Climate change is worsening water scarcity and flood risks. Advancements in engineering and technology can help prepare wastewater agencies for a changing climate. But significant shifts in policy and planning are needed to address these challenges.
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By Caitrin Chappelle and Henry McCann
Caitrin Chappelle is associate director of the Public Policy Institute of California’s Water Policy Center, email@example.com. Henry McCann is a research associate, firstname.lastname@example.org. They wrote this commentary for CALmatters.
Our public health relies on wastewater management to treat sewage and remove pollutants coming from our homes and businesses.
This system is fundamental to protecting our health. In California, treated wastewater also is a critical source of water for the environment, and, increasingly, a source for recycled water. Climate change is worsening water scarcity and flood risks. Advancements in engineering and technology can help prepare wastewater agencies for a changing climate. But significant shifts in policy and planning are needed to address these challenges.
Wastewater agencies must reliably remove pollutants even as the quantity and quality of the water they treat declines during droughts, and when large storms push their equipment to the breaking point.
In February, an atmospheric river storm—the type that is expected to become more common as the climate warms―inundated Healdsburg’s wastewater treatment facility and pushed more than five times the normal flow of wastewater and runoff into Santa Rosa’s treatment plant.
In a drought, reduced flows to wastewater plants can hamper agencies’ ability to comply with treatment standards, damage equipment, increase costs, and shrink revenue. Lower inflows also reduce the volumes available for recycled water, often considered a “drought-proof” supply.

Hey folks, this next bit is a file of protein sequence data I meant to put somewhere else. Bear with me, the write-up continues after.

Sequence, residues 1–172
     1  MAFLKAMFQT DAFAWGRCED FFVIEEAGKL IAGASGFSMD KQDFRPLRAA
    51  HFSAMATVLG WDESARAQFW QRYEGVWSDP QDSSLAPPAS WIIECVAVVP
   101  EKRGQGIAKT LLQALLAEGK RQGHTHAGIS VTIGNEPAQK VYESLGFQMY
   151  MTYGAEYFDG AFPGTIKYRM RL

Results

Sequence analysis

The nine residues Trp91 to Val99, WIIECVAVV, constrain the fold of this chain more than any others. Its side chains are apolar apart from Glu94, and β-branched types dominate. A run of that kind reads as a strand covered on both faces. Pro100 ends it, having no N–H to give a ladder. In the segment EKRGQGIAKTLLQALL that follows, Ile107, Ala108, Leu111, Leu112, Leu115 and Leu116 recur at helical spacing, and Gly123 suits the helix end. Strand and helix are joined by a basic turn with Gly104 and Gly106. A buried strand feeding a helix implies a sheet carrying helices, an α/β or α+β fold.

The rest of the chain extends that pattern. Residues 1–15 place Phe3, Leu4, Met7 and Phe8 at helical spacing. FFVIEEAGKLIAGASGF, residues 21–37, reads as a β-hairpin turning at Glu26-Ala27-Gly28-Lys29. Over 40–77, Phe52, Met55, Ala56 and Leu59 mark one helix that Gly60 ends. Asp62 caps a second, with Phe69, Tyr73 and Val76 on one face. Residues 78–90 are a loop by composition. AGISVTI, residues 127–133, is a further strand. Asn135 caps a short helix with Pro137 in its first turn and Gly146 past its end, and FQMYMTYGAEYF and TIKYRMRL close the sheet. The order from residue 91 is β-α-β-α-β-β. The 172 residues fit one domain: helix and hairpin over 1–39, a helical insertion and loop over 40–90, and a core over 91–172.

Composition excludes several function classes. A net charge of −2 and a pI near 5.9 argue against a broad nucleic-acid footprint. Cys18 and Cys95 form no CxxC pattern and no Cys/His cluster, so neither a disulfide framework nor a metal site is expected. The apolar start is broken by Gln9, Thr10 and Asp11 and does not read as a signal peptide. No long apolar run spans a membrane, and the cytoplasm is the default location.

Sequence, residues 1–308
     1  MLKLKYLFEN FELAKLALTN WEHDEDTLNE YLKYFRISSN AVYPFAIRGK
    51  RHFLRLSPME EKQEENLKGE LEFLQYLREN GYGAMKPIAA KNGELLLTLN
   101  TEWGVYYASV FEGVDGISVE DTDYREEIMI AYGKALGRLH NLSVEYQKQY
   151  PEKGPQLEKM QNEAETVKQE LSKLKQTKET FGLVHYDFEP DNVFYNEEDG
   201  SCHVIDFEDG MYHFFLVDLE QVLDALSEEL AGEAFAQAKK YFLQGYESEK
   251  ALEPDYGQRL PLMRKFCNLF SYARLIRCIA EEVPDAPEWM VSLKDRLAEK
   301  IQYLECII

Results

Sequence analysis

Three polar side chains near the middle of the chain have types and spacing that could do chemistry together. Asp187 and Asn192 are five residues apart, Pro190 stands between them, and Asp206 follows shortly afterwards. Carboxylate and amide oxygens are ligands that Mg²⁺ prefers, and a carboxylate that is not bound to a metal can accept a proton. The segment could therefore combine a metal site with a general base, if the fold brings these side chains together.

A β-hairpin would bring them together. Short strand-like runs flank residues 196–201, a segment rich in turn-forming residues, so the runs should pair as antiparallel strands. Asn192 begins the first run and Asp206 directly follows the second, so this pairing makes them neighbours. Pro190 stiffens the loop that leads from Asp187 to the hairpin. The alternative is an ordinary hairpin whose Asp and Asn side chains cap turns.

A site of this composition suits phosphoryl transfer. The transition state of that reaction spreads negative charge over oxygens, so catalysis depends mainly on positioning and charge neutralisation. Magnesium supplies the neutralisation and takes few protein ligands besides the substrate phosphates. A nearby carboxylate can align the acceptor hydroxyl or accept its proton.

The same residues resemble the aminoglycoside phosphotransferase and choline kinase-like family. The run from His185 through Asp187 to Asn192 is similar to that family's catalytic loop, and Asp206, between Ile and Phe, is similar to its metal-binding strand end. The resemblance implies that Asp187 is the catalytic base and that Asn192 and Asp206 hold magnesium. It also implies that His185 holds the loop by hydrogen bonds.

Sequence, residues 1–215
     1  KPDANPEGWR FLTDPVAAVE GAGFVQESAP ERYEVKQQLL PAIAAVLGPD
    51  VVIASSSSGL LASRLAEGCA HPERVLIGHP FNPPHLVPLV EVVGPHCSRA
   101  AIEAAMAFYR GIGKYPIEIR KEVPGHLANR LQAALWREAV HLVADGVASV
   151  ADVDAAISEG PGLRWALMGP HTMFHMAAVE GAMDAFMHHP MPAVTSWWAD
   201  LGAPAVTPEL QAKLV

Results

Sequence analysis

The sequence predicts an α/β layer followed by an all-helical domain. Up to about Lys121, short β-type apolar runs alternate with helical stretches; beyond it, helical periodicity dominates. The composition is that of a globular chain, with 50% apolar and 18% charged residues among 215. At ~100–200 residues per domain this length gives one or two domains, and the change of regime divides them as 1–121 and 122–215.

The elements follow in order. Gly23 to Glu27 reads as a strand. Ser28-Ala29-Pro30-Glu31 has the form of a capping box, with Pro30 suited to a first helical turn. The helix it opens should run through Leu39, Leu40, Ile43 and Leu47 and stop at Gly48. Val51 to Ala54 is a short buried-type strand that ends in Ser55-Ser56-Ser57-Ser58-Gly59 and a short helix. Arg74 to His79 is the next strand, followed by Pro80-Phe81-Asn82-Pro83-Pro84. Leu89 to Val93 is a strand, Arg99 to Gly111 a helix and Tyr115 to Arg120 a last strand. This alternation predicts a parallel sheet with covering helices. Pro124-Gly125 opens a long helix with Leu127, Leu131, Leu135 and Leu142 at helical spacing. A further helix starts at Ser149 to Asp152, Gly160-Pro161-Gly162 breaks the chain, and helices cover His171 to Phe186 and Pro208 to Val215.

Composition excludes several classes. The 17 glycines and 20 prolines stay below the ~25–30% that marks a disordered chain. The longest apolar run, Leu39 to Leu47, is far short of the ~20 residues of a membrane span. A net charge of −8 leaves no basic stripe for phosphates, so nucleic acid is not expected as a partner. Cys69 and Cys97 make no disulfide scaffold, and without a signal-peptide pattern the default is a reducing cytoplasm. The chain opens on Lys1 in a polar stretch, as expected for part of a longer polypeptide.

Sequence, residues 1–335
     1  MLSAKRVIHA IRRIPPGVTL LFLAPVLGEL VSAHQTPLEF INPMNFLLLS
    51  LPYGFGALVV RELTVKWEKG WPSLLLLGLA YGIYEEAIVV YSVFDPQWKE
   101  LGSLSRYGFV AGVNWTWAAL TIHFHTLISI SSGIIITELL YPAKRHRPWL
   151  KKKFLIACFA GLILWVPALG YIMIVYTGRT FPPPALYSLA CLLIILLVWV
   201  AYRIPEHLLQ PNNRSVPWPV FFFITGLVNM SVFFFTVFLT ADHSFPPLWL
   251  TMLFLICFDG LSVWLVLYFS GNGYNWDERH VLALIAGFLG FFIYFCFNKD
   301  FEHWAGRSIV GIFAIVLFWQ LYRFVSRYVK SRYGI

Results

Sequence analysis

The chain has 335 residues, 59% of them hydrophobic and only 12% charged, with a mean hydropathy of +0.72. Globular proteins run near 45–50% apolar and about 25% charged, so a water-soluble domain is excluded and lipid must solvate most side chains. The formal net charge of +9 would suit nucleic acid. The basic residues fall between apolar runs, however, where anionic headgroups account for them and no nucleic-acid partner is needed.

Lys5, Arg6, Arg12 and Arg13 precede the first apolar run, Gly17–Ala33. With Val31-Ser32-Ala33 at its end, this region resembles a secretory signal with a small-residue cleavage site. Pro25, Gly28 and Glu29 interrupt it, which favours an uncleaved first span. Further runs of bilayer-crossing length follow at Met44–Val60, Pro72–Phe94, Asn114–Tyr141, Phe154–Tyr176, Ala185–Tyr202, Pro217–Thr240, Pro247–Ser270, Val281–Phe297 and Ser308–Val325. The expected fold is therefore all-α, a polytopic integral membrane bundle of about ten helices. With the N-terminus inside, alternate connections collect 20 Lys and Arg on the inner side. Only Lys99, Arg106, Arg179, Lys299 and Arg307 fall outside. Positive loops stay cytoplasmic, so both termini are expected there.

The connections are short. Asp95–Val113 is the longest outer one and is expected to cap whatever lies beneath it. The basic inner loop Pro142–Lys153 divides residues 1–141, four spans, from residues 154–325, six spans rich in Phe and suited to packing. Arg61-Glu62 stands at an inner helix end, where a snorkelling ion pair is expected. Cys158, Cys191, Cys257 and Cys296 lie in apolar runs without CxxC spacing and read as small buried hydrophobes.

The drought of 2012–16 brought all of these problems to the fore. Many wastewater agencies are now changing their operations, infrastructure, or finances in response to the challenges they experienced. Our new study recommends sector-wide changes in three areas to help build the sector’s climate resilience:
- Maintain water quality in the face of reduced indoor water use. Short-term water conservation during droughts and longer term reductions in water use from indoor efficiency measures challenge wastewater management. All wastewater agencies should assess their vulnerability to major climate pressures, and plan for future droughts. Better coordination and information sharing with suppliers about indoor water conservation and efficiency efforts are also key.
- Make smart recycled water investments. Coordination among wastewater and water supply agencies is needed to address the demand for recycled water. Regional planning for recycled water projects can result in investments that are more responsive to changing water use and an increasingly volatile climate, bringing financial and environmental benefits.
- Balance conflicting objectives within watersheds. Many wastewater treatment plants discharge treated water into inland watersheds.
Meeting increased demand for recycled water may fuel conflict over the use of treated discharge to support ecosystems and downstream users. Rivers and streams are expected to experience lower flows and higher temperatures, which will heighten threats to aquatic ecosystems. Resources are needed to identify areas most at risk of conflict over the use of treated wastewater, and to develop tools to evaluate the impacts of water recycling projects on the environment and downstream water users.
The state can help wastewater managers make these adaptations, which are critical to building a more integrated and resilient water system. The State Water Board should align its policies on water use, wastewater, recycled water, and environmental protection to better manage for these multiple objectives.
Forging new partnerships to tackle the full range of climate-related risks will help wastewater agencies determine the best adaptations and improvements needed to prepare wastewater management—and California’s water system as a whole—for a more volatile future.